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Eat Behav. 2017 Jan;24:81-88. doi: 10.1016/j.eatbeh.2016.12.003. Epub 2016 Dec 21.

Eating disorder symptoms among undergraduate and graduate students at 12 U.S. colleges and universities.

Author information

  • 1Child Health Evaluation and Research Center, Department of Pediatrics, University of Michigan Medical School, United States.
  • 2Department of Nutritional Sciences, University of Michigan School of Public Health, United States. Electronic address: kendrins@umich.edu.

Abstract

OBJECTIVES:

We sought to estimate the prevalence of eating disorder symptoms in a large sample of U.S. college students and variations therein across student characteristics.

METHODS:

Participants were 9713 students from 12 colleges and universities participating in the Healthy Bodies Study. We used gender-stratified logistic regression to estimate bivariate correlates of elevated eating disorder symptoms, past-month objective binge eating, and past-month compensatory behaviors across student characteristics including age, degree-level, sexual orientation, race/ethnicity, first-generation status, citizenship, academic and extracurricular characteristics, and weight status. Eating disorder outcomes were based on the Eating Disorder Examination Questionnaire.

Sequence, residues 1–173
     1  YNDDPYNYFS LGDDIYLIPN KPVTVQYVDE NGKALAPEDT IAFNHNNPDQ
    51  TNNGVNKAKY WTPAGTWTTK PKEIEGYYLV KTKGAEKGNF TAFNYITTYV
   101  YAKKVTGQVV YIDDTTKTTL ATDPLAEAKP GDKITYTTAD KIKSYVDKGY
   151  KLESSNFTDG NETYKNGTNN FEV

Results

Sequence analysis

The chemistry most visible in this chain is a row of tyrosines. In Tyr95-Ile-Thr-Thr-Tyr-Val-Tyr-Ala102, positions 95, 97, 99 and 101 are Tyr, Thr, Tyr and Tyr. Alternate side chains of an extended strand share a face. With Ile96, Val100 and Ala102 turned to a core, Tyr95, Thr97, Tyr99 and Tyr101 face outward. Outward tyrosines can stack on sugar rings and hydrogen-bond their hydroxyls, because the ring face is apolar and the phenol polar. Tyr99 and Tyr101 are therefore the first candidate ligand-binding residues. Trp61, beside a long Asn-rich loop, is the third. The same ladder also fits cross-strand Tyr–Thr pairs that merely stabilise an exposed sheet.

RESULTS:

We observed higher prevalence of objective binge eating among females relative to males (49% versus 30%, p<0.001), but similar prevalence of compensatory behaviors (31% versus 29%). Weight status was the most consistent predictor of eating disorder risk with significantly more symptoms seen among individuals with overweight and obesity. When compared to individuals with a healthy weight, those with overweight had greater eating disorder risk (males OR=3.5; females OR=2.0), binge eating (males OR=2.1; females OR=1.9), and use of compensatory behaviors (males OR=1.5; females OR=1.3).

CONCLUSIONS:

This study suggests smaller gender difference in prevalence of eating disorder symptoms than previously reported and identifies students with overweight/obesity as salient targets for campus-based eating disorder screening and early intervention efforts.

KEYWORDS:

Adolescent; College health; Disordered eating; Eating disorders; Higher education; Young adult

PMID:
28040637
DOI:
10.1016/j.eatbeh.2016.12.003
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